They said that I was a high risk for default on a mortgage because of my unstable job history and my declining salary. They would not lend me ANY money. I was livid. I have applied with a couple of other brokers, but am trying not to get my hopes up. This is descrimination! It is not right. I have worked very hard to keep my credit good. I prooved my high income. What more do they want????? Now the home owners want me to get lost and give me my deposit back. They said "You've been turned down by the bank. Obviously you misled up about your history. How humiliating!!!! I just don't know what to do.


    Quote from RNontheroad
    I have been traveling for the last 4-5 years, and recently have decided to buy a home and stay in one place.
    My husband and I have wonderful credit scores, a respectable income with a very low debt to income ratio but I am having trouble getting approval for a home mortgage. The reason given is that "travel nursing is not a steady income." I guess technically that is true, since nothing is garenteed after the end of a contract. It doesn't seem to make a difference that I have NEVER been unemployed during my years of travel, except for the time off to travel from place to place.
    Has anyone else encountered this and how did you convince the mortgage underwriters to give you a home loan?
  6. 0
    I have continued to research and talk with banks and other travelers since I originally posted. Here is what I have found out since then.
    First, try getting the mortgage thru a small town bank. Stay away from the big lenders. The smaller places more likely to lend.

    Second, a large down payment helps alot. I was told to plan on 30%.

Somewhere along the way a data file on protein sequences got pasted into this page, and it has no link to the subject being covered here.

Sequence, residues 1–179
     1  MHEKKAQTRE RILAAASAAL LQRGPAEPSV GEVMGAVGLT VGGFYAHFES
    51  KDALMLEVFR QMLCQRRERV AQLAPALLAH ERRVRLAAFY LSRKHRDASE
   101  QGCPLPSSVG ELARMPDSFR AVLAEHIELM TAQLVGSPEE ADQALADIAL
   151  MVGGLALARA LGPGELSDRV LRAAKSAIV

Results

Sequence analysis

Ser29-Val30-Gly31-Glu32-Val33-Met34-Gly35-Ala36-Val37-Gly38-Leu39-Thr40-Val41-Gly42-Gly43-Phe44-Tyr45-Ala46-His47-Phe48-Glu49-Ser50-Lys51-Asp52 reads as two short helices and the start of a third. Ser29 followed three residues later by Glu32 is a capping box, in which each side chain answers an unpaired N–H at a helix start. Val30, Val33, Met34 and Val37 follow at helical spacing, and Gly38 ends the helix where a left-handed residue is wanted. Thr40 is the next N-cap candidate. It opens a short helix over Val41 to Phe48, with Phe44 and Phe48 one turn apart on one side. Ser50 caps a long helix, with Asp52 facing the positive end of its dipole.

I am still looking for the right place to settle and will update about the process once I attempt it again.

    Best of luck and feel a bit better knowing that I am not in the boat alone!
  7. 0
    RNontheroad - were you able to secure a home loan with a small bank in the end?

    I'm a mortgage/real estate professional, who focuses exclusively on a working with nurses in the MD/VA/DC metro.

    I thought amy0123 shared some good points. It comes down to proving to a lender that you've got stability. It is an unusual loan scenario, but presentation of your strengths [good credit, good assets] and showing a history of income in the same industry [as a nurse] without gaps in employment, should get you through the process.

    Having a sizable downpayment will always be a greater incentive to a lender.

    I'm not certain of the details that caused Quicken to deny LCDRN12, but all borrowers want to keep in mind the balance of debt to income, and how that lender will compute the income, so you don't end up with a really high ratio that the lenders will steer away from.

    Best to you in your quest to secure a home loan and purchase your home sweet home.

    Stephen
  8. 0
    My solution to the problem has been to take a staff position to avoid the "instability". I have now been employed full time at a hospital for a little over 6 months and have saved a sizable down payment. My serious house hunt begins again in the spring and I anticipate that any of the previous obstacles will no longer be an issue.